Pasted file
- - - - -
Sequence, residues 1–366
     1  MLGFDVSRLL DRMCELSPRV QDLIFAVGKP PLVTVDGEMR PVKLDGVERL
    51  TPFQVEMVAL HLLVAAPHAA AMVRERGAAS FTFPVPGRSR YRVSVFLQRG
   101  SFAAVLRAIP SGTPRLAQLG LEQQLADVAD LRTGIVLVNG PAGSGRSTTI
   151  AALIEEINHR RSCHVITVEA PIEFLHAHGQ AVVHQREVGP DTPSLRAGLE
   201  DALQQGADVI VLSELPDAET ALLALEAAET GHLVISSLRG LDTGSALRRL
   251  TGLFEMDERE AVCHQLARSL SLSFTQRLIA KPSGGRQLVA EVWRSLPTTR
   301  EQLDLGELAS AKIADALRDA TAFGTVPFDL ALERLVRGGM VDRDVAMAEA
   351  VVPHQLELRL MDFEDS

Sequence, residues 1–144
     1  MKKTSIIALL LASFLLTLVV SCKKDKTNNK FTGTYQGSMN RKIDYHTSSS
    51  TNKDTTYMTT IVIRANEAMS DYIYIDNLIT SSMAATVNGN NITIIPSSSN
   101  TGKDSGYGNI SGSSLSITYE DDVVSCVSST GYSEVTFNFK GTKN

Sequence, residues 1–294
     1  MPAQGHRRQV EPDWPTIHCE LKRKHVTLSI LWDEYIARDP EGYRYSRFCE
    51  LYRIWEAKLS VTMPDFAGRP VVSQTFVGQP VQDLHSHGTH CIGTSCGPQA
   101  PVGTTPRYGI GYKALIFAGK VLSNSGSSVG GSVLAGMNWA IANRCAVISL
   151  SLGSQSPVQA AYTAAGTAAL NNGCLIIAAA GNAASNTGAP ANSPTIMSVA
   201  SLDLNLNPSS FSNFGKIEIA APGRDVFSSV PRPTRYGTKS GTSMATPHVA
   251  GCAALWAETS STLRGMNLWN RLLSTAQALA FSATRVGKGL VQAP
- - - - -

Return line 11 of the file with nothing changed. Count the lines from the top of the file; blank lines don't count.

     1  MKKTSIIALL LASFLLTLVV SCKKDKTNNK FTGTYQGSMN RKIDYHTSSS